American Graffiti is described as a coming-of-age story, and I guess some of the characters do change and develop, but this movie is set over the course of a few hours of one night and I think it’s better described as a snapshot of youth in small towns. It’s the night before the recent high school graduates are going off to college and it’s their night to revel in being the “way they were” one more time before everything changes. These teenagers spend the night doing the things they've done most every night- “cruising” (riding around town in their neat-o cars), chasing girls, playing rock and roll music, being generally unsure of themselves and trying to prove something.
This is a significant movie in a few ways: It’s won critical acclaim and awards including nomination for the Academy Award for Best Picture, it’s been listed as "culturally, historically, or aesthetically significant" by the Library of Congress and it’s produced and directed by two of the most recognizable names in cinema, Coppola and Lucas, respectively. The film stars a huge number of incredibly talented and famous actors before they hit it big and it perfectly captures a slice of Americana by featuring a hit rock and roll soundtrack that is jam packed with classic music, cars that are considered iconic, and infamous radio DJ Wolfman Jack.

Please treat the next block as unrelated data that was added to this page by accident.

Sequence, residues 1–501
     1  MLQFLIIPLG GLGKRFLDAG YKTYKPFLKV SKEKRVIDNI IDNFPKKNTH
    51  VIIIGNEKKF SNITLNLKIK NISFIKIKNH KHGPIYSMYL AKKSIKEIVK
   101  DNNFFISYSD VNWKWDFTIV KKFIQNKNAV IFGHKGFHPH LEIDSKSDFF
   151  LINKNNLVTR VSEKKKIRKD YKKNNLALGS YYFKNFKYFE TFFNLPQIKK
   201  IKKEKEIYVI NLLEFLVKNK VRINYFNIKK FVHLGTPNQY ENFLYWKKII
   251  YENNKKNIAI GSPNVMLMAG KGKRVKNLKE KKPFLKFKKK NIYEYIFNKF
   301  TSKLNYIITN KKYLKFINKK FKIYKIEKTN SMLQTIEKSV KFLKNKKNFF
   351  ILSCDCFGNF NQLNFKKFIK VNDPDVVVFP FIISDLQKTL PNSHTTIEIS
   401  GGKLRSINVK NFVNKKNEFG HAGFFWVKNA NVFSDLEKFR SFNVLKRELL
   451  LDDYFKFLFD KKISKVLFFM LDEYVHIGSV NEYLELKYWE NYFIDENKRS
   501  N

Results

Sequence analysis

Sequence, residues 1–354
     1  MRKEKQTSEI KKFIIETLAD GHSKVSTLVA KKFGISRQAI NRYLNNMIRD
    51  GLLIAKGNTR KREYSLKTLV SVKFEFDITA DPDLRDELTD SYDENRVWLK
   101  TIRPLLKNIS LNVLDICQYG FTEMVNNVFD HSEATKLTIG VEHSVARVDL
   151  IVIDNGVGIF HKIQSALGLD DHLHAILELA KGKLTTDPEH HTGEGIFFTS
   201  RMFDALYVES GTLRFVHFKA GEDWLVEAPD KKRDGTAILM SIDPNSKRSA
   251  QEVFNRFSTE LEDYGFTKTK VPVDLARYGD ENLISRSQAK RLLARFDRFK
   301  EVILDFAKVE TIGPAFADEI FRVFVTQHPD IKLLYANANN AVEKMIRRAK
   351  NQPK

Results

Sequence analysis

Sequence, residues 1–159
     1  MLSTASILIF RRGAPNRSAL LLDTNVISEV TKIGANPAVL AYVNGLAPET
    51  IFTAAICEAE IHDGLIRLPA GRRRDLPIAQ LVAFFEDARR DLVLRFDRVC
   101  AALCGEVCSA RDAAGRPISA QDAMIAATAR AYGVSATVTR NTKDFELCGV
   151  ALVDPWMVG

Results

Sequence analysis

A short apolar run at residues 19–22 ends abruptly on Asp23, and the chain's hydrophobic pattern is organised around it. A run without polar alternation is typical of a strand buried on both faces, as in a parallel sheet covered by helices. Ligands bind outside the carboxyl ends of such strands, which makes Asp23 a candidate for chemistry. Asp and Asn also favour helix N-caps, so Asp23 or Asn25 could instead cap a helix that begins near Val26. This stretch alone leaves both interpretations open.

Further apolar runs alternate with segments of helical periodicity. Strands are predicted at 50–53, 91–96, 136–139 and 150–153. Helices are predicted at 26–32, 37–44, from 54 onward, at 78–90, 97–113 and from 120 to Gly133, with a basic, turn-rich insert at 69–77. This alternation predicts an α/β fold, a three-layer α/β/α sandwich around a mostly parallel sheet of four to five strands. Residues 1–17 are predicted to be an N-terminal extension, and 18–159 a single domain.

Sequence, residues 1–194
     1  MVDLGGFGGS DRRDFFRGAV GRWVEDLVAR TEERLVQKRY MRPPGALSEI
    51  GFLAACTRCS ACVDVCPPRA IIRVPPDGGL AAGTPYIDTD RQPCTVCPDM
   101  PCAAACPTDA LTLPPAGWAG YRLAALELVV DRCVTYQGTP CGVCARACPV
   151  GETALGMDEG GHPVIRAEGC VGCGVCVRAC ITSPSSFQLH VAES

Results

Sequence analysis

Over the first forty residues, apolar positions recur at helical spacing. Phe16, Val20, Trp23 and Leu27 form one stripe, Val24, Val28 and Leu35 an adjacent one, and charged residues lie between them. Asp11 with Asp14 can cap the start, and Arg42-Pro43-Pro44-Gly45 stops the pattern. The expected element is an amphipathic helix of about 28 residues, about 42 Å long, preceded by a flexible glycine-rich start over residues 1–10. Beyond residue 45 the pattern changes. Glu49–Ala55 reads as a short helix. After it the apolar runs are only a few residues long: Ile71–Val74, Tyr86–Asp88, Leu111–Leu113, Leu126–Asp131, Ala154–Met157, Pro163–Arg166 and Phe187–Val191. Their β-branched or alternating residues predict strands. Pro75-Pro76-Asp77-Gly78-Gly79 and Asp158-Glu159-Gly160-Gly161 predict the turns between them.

All that said, I did not enjoy watching this movie. It was almost two hours of very little plot and meaning, which I think may be the appeal for people of a certain age where the characters can reflect real life. It felt like watching a student film at times, very much like Don’s Plum. I was pretty bored. My boyfriend, who really is into hot rods and classic cars, found the vehicles amazing but even he became bored after so long. The soundtrack was a lot of fun but for some reason (you gotta play rock music LOUD, man?) was so much louder than the dialogue that the songs became cringe-worthy.
But that was the evening when we watched it. The movie settled better overnight. Today I’m happy to have seen it and am even looking back on parts of it fondly. The comedy/drama seems a little funnier, a little more poignant the next day. I imagine I’ll remember American Graffiti as a true classic in a little while. Which puts me in good company: Tomatometer score: 95% (!), 7.5/10 stars on IMDb, 3.75/5 stars on Letterboxd, and the undoubted thanks of millions who love the TV Show Happy Days.